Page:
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The cancer capitals of Australia are revealed in new Cancer Council Queensland interactive map

Cancer doesn’t discriminate when it comes to money but it appears to when it comes to geography.

Skin, prostate and lung cancers are particularly common in cluster areas of Australia while breast cancer is surprisingly more common in some of Sydney’s richest suburbs.

A new interactive map, developed by Cancer Council Queensland, has pinpointed where the 20 most common cancers are more likely to occur, with help from Queensland University of Technology researchers and spatial information firm FrontierSI.

Cancer doesn’t always discriminate when it comes to money but it appears to when to comes to geography, as this interactive map by Cancer Council Queensland shows

Byron Bay, on the far north coast of New South Wales, had a skin cancer rate that was 146 per cent above the national average 

Byron Bay, on the far north coast of New South Wales, had a skin cancer rate that was 146 per cent above the national average 

After four years of intensive data analysis, they found skin cancer was particularly common on the far north coast of New South Wales and south-east Queensland, which are home to scenic beaches.

Skin cancer hotspots in NSW and Queensland

Skin cancer hotspots in NSW and Queensland

Byron Bay, a popular holiday spot in NSW, has a skin cancer rate that is 146 per cent above the national average.

Prostate cancer was particularly common along Port Philip Bay, south-east of Melbourne, with the Mornington Peninsula having a rate 73 per cent higher than average.

Breast cancer was surprisingly more common on Sydney’s northern beaches and lower north shore, with Manly and Mosman have rates 24 per cent higher than average.

They also found that lung cancer, one of Australia’s biggest killers, was particularly widespread across the tropical north of Australia, from the Top End of the Northern Territory to Cape York in far north Queensland.

Thamarrur, a remote indigenous community south-west of Darwin, had a lung cancer rate that was 92 per cent above average.

Breast cancer was surprisingly more common on Sydney's northern beaches and lower north shore, with Manly (pictured) and Mosman have rates 24 per cent higher than average

Breast cancer was surprisingly more common on Sydney’s northern beaches and lower north shore, with Manly (pictured) and Mosman have rates 24 per cent higher than average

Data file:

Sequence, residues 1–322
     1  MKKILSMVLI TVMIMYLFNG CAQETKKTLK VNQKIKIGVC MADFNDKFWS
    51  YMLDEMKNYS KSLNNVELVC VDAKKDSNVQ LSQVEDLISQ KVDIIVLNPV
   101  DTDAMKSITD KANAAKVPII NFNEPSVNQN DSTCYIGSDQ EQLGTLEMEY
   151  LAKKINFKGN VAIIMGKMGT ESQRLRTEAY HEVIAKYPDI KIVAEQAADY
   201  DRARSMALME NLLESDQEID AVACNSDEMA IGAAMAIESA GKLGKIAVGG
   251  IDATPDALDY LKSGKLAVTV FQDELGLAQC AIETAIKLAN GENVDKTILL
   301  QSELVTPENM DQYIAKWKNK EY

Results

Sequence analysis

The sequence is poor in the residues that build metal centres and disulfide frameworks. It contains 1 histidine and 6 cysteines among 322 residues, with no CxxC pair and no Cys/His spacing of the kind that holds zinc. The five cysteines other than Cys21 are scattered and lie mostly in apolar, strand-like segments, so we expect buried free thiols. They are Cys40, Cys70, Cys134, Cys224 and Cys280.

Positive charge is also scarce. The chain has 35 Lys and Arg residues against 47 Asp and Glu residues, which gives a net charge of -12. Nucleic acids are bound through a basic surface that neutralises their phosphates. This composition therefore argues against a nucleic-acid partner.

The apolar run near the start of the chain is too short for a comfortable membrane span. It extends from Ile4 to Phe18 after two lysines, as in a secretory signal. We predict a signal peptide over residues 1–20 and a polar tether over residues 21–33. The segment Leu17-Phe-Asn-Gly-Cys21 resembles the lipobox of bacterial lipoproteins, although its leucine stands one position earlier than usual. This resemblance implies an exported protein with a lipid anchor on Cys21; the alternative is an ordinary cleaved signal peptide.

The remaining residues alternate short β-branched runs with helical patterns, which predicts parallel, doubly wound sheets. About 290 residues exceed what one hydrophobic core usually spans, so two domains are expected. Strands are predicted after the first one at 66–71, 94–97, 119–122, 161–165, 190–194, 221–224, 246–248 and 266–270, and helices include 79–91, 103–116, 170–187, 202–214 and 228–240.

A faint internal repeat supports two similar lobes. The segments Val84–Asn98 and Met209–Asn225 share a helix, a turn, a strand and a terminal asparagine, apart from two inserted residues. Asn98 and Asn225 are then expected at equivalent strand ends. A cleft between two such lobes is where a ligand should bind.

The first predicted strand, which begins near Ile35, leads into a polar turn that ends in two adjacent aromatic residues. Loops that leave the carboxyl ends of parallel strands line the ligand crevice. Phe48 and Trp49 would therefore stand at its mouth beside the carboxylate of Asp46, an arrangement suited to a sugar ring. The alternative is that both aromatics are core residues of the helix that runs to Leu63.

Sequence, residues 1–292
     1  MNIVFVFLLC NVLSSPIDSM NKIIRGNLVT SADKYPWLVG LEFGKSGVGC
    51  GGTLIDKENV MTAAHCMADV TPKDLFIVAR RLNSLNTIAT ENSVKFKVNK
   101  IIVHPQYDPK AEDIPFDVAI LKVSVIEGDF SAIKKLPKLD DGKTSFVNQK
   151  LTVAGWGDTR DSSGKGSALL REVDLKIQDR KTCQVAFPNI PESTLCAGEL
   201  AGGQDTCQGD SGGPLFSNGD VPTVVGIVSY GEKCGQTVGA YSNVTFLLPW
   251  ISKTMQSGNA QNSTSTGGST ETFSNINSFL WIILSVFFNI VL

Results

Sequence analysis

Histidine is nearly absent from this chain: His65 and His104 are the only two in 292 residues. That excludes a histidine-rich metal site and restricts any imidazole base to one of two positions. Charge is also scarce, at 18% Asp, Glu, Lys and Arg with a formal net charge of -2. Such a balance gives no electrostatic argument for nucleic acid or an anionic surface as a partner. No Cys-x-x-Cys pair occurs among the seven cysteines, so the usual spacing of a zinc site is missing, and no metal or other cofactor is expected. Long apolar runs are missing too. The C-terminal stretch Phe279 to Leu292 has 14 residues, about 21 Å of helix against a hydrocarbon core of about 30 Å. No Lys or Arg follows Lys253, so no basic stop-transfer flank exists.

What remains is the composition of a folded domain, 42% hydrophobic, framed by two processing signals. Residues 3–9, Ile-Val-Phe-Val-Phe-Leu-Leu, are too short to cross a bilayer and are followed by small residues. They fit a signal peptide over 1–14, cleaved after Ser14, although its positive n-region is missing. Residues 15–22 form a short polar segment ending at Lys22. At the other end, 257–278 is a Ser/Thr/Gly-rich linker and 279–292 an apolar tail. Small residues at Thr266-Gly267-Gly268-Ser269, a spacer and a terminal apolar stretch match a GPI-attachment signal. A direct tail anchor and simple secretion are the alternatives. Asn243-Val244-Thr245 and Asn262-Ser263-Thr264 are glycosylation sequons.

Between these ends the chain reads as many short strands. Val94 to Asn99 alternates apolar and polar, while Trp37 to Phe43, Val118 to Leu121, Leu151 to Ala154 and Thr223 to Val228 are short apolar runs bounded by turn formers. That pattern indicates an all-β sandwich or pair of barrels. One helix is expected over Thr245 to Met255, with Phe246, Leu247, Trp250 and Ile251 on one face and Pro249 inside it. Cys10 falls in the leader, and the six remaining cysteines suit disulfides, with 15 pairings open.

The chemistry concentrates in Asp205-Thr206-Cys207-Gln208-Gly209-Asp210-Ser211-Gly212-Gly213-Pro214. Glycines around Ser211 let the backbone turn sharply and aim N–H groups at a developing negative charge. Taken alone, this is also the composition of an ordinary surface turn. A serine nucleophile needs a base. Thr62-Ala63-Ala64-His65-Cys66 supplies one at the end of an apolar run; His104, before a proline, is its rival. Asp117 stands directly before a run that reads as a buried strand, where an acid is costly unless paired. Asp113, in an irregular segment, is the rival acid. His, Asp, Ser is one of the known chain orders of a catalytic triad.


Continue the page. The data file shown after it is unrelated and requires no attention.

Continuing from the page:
Prostate cancer was particularly common along Port Philip Bay, on Melbourne's south-eastern outskirts, with the Mornington Peninsula having a rate 73 per cent higher than average

Prostate cancer was particularly common along Port Philip Bay, on Melbourne’s south-eastern outskirts, with the Mornington Peninsula having a rate 73 per cent higher than average

CANCER CAPITALS

Melanoma: Byron Bay, NSW far north

Breast: Manly and Mosman, Sydney

Prostate: Mornington Peninsula, south-east of Melbourne

Bowel: South West Rocks, NSW mid-north coast

Lung:  Thamarrur, south-west of Darwin

Head and neck: Kununurra, WA

Source: Cancer Council Queensland 

Several hours drive away, across the Western Australia border, Kununurra had a rate of head and neck cancers that was 143 per cent above the national average.

South West Rocks, on the New South Wales mid-north coast, has a rate of bowel cancer that was 48 per cent above the national average.

Cancer Council Queensland chief executive Chris McMillan said the new Australian Cancer Atlas would be a useful tool for health policy makers. 

‘In 2018 an estimated 138,000 Australians will be diagnosed with cancer, but we know that some people face greater risks of diagnosis and death than others, due to a mix of lifestyle characteristics, behaviour, genetics and other unknown factors,’ he said.  

Lung cancer was particularly widespread across the tropical north of Australia, from the Top End of the Northern Territory to Cape York in far north Queensland

Lung cancer was particularly widespread across the tropical north of Australia, from the Top End of the Northern Territory to Cape York in far north Queensland

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